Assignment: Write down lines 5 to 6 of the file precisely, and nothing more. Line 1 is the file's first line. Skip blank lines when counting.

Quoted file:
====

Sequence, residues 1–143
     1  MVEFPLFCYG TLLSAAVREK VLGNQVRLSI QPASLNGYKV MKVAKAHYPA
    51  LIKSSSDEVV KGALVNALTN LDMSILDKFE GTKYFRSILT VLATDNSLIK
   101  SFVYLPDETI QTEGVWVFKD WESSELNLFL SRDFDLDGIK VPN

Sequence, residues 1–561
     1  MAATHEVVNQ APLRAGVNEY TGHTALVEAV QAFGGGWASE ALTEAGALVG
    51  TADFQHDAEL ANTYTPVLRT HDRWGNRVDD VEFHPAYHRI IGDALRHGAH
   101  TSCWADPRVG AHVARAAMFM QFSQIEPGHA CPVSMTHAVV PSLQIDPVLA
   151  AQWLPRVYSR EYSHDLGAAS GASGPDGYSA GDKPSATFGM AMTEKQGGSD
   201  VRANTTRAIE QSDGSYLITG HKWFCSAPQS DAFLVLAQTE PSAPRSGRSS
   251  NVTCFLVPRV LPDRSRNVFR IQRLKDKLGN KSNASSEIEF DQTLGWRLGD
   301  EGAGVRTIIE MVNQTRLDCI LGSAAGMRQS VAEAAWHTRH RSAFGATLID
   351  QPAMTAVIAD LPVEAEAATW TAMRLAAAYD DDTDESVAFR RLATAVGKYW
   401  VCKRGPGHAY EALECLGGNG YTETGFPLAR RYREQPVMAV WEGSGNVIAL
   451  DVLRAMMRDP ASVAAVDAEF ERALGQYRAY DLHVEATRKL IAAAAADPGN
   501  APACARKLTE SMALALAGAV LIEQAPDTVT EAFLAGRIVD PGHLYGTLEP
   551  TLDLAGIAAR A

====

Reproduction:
Sequence, residues 1–561
     1  MAATHEVVNQ APLRAGVNEY TGHTALVEAV QAFGGGWASE ALTEAGALVG